You’ve no doubt read all about hypoallergenic dogs, how fantastic they are supposed to be if you have allergies. That they don’t shed, don’t have dander, and don’t cause your allergies to flare up. Unfortunately, this is just plain wrong on all counts. Hypoallergenic actually means to have a “decreased” tendency to cause allergies. It does not mean it eliminates allergy reactions, for “hypo” means LESS, not none.
The one thing people don’t seem to understand is that even hypoallergenic dogs produce allergens (dander), but because of the type of coat they have, they just produce LESS allergens. If you or anyone in your family happens to have severe allergies and/or asthma, they will still be affected by a hypoallergenic dog. So, just to repeat, there is no such thing as a NON-ALLERGENIC dog.
Let’s take a look at the kinds of dogs that produce LESS allergens that may be a good family pet for you. There are actually two coat types that produce less in the way of allergens: single-coated dogs and hairless dogs. Please note, that just because the dog is hairless does not mean it isn’t capable of still producing enough dander to bother a highly allergic individual.
Hairless breed dogs include the Xoloitzcuintle (what a mouthful for Mexican Hairless), the American Hairless Terrier, the Chinese Crested Hairless and the Peruvian Inca Orchid. You can check out any one of these breeds by hopping on the Internet and doing a search. Some of these dogs are very elegant and would be a joy to own.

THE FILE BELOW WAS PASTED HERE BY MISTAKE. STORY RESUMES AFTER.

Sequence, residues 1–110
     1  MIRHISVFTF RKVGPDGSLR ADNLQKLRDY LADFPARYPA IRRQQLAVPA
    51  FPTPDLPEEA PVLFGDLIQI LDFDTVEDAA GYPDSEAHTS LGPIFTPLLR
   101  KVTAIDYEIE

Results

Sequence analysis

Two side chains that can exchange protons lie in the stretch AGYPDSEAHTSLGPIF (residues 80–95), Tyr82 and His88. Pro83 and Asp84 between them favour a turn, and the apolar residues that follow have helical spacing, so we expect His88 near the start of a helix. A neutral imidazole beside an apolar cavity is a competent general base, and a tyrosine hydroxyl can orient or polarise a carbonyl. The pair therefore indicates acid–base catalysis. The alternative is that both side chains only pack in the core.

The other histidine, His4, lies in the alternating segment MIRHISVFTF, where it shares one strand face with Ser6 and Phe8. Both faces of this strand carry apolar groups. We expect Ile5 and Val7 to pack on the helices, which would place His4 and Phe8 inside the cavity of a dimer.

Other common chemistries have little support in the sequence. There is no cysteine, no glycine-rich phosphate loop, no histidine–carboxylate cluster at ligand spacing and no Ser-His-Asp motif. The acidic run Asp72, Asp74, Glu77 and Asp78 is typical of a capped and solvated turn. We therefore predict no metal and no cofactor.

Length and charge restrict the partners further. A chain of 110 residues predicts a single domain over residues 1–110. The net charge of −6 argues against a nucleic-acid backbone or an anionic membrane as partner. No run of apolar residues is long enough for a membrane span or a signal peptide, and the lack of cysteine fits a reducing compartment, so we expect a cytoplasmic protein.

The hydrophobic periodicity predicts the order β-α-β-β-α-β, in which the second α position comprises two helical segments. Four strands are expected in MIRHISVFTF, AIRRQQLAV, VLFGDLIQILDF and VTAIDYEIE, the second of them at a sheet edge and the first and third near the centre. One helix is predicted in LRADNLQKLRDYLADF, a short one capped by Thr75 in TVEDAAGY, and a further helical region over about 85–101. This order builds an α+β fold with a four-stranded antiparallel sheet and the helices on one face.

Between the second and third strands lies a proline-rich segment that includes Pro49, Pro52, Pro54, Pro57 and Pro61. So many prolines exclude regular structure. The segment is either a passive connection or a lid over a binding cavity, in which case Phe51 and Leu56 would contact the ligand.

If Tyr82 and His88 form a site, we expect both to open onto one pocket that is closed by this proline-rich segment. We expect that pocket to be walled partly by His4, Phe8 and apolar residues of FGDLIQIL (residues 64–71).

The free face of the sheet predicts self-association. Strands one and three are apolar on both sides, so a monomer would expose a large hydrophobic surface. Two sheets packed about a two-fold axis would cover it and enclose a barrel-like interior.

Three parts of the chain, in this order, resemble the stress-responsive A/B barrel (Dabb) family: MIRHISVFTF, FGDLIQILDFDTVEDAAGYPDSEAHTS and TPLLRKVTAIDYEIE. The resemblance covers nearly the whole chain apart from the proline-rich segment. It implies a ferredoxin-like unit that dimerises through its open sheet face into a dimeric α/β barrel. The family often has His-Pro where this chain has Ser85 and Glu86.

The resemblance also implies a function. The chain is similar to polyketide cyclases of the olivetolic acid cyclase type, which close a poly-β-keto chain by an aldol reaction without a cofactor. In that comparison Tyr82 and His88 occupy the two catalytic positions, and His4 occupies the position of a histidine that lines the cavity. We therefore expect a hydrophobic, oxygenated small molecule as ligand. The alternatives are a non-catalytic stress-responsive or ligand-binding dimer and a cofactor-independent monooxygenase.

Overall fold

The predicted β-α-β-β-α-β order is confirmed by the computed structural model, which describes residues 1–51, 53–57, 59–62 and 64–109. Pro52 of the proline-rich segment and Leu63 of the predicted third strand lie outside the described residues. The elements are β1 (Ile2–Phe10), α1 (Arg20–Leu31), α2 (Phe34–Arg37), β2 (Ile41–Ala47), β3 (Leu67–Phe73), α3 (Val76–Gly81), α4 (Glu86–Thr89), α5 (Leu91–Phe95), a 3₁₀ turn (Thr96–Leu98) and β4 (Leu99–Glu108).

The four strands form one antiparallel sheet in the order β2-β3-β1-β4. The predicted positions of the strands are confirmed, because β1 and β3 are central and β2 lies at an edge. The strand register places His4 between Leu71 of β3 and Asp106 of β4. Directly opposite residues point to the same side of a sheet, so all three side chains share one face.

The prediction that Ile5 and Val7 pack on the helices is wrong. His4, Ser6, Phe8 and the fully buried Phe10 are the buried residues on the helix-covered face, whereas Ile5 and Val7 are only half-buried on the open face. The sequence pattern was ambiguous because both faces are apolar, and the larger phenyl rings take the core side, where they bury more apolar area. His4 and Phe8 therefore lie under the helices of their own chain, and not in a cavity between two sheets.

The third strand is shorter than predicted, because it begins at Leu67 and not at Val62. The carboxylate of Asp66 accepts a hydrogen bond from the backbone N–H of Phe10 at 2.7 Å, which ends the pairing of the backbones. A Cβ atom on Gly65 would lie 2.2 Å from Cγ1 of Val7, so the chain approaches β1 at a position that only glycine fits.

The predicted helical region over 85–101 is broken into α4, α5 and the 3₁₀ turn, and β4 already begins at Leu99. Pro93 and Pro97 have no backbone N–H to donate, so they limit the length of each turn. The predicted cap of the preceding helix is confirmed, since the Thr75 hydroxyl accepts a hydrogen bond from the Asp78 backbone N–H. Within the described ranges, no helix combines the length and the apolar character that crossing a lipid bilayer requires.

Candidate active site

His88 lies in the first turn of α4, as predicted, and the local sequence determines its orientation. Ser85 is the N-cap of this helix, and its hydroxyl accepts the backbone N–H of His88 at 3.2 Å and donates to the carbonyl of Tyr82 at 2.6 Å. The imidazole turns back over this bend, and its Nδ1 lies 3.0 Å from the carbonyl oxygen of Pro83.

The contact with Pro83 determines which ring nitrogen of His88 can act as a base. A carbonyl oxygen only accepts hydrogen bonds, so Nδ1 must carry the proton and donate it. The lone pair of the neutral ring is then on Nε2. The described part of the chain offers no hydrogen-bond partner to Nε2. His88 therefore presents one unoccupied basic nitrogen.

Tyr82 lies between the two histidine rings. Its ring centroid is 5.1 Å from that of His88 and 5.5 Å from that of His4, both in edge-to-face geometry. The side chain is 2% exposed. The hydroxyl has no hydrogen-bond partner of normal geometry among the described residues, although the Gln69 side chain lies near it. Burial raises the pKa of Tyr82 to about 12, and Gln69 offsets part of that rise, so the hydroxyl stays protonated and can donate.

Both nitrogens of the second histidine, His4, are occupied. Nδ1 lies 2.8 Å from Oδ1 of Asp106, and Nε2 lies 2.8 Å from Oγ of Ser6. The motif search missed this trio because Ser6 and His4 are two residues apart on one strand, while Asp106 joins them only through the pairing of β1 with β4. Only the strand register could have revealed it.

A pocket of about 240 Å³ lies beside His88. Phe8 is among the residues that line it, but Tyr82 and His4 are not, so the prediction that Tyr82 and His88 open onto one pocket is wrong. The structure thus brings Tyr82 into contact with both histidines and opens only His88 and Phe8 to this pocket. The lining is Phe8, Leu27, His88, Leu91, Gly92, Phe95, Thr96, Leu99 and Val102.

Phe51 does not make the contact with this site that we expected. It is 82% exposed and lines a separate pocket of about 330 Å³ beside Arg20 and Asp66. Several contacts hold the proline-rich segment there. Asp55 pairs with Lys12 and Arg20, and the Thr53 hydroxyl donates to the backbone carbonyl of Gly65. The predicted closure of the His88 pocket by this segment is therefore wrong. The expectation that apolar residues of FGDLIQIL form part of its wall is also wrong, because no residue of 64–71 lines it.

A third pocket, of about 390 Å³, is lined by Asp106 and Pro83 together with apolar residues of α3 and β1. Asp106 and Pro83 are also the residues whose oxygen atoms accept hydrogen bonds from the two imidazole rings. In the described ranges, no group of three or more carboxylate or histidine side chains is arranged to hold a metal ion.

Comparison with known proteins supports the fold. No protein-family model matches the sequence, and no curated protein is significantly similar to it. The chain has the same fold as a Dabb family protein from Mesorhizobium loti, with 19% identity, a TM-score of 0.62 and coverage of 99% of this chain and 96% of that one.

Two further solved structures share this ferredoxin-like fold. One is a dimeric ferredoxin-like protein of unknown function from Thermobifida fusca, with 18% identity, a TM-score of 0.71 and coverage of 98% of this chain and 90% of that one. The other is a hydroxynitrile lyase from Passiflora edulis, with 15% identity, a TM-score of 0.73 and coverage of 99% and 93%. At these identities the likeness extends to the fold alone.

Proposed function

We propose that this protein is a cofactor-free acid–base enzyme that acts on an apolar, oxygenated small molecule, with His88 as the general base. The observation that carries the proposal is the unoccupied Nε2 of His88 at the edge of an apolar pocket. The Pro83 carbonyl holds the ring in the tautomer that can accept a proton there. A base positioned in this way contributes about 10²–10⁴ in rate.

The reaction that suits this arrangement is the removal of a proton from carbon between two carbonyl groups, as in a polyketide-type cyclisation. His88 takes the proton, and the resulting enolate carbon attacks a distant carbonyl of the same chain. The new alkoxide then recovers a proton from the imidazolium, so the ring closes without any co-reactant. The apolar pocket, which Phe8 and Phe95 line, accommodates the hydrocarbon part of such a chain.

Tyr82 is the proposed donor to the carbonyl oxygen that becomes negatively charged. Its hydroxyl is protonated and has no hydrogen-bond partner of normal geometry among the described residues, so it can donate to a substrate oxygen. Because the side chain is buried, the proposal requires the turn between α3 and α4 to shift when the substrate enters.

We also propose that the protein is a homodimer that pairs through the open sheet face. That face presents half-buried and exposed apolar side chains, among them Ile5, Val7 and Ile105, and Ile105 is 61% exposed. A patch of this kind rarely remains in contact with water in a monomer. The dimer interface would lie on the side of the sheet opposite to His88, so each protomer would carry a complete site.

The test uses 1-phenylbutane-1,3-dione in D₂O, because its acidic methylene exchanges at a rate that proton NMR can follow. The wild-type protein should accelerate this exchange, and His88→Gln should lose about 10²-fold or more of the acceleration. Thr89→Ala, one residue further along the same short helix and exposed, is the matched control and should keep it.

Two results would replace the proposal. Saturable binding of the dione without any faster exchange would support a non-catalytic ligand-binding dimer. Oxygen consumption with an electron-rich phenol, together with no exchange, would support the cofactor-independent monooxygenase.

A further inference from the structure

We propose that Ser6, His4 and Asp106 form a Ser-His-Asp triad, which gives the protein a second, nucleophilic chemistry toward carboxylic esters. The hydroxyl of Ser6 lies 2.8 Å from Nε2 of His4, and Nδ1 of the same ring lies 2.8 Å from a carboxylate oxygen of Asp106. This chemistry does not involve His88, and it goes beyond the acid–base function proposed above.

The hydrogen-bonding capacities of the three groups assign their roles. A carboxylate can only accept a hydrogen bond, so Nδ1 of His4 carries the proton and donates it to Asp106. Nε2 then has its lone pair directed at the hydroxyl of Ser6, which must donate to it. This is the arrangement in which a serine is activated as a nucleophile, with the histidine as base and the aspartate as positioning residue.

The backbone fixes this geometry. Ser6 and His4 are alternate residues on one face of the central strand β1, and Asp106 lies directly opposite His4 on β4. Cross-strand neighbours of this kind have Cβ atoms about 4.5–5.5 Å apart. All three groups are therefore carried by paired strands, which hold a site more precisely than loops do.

Some single coated dog breeds include the Chinese Crested Powder Puff, Poodles of all sizes, Schnauzers of all sizes, the Portuguese Water Dog, Bichon Frise, Soft-Coated Wheaten Terrier and other members of the terrier family. Other breeds that might work well for you would be Miniature Pinschers and Weimaraners. They both have a just about non-existent coat much like brushed fleece.
The other question then is what can you do about your allergies? There are a number of things you can do and here are a few of them. Yes, this is a lot of work, but once you have your dog and realize what joy and peace they bring, you won’t mind.
The first thing on your list is talk to an Allergist. Many of them understand your dilemma and can help you out with anti-histamine therapy for minor allergies. For the more severe allergies, you might want to try immunotherapy allergy shots. Use air filters. Remove carpeting, pet or not, it hangs on to everything in its fibers. Brush your dog daily, outdoors if you can.
Vacuum regularly to get the furballs the size of small cats out of the house. Wash all bedding the dog sleeps on – even yours, because we all KNOW where the dog really sleeps – in hot water.
Rinse your dog in warm water weekly. Don’t use shampoo, it adds to the allergen problem. This one thing alone can make a huge difference for you. About once a month wipe walls and floors with mild dish soap and water to remove dander build-up.